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Versatility of Saints O-Line Could Be This Season’s Saving Grace

The capability to play multiple positions for an offensive lineman in today's NFL has become an important commodity for all of the League's 32 teams; and in the 2017 season, it just may become the "saving grace" for the New Orleans Saints.

It's also the reason why teams in this modern era of Pro Football tend to target one or more versatile offensive linemen in NFL Free Agency and the Draft every year.

Players that have the versatility to compete at four or even ALL 5 positions (such as Saints back-up lineman Senio Kelemete), have more value than those players who have mastered just one position --- especially when it comes to the depth of the line. 

And thus far through the first 4 games of the season, no one team has that ever become more evident for than New Orleans.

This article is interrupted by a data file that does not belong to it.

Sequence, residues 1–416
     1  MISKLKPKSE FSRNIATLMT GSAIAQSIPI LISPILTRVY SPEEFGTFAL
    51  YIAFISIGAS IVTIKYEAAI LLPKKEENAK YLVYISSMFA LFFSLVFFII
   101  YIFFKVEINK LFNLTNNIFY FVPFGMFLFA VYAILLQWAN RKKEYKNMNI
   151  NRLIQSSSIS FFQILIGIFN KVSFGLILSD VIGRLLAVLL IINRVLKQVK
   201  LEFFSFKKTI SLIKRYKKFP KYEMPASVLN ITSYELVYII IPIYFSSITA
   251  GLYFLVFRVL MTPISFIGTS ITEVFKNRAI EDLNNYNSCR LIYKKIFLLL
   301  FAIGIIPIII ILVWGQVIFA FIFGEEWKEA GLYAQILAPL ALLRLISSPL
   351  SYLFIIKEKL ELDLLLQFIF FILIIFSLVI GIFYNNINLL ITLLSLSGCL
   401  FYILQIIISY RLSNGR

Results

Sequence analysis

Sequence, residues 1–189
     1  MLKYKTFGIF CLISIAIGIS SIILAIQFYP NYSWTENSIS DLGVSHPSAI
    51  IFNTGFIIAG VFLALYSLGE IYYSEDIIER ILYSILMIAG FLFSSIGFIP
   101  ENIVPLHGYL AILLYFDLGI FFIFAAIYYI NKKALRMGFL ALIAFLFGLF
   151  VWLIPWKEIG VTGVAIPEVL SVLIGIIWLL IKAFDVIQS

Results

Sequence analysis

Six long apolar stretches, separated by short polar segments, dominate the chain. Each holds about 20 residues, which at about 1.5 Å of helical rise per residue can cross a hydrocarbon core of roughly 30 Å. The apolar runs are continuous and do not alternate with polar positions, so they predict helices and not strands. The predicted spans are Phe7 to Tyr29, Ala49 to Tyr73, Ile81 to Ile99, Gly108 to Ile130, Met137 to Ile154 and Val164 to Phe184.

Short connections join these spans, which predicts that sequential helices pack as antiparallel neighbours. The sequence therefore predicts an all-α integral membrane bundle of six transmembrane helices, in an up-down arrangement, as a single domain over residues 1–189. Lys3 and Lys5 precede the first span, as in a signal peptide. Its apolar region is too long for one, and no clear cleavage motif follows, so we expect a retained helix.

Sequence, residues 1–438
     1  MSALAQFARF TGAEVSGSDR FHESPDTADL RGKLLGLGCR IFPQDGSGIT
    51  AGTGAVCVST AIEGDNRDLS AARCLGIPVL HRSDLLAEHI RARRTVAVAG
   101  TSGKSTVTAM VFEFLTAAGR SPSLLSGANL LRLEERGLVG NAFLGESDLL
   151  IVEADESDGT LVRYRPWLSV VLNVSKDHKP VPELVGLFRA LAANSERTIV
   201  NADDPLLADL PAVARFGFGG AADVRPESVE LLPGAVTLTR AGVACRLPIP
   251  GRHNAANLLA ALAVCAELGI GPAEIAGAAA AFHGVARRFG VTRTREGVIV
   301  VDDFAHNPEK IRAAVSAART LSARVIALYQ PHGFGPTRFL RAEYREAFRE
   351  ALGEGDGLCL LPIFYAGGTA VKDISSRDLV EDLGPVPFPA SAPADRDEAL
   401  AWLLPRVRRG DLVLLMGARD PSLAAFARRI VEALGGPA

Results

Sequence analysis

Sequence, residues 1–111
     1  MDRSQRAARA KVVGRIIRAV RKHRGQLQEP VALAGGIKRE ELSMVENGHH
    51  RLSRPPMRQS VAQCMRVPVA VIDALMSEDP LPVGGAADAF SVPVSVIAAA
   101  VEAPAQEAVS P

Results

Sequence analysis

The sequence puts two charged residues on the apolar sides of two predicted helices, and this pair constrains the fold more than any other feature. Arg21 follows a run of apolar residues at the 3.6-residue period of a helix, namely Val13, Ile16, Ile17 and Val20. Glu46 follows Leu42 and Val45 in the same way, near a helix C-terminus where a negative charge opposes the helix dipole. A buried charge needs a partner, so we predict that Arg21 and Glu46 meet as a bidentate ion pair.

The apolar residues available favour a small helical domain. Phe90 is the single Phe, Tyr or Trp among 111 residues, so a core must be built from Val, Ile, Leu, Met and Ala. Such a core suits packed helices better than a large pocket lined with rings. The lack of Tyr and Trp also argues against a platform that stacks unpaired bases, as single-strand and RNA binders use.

The Saints have been hit harder by injuries to key players this season -- and especially along their O-Line -- more than any other NFL team.

Photo courtesy of David Grunfeld, The New Orleans Times-Picayune

Starting left tackle Terron Armstead tore a labrum in his shoulder in Mini-Camp back in June, and had to have surgery right afterwards to repair it.

He just recently returned to practice for the first time since the injury, and is expected to see his first action of the season next week when the Saints face the Detroit Lions at home after the Bye.

Starting right tackle Zach Strief, who suffered a knee injury in the opener at Minnesota, re-injured the knee last Sunday against the Dolphins in London, and was placed on injured reserve on Tuesday. 

Strief might be able to return to the Saints in December, depending on how quickly the knee can heal.

Photo courtesy of Michael DeMocker, The New Orleans Times-Picayune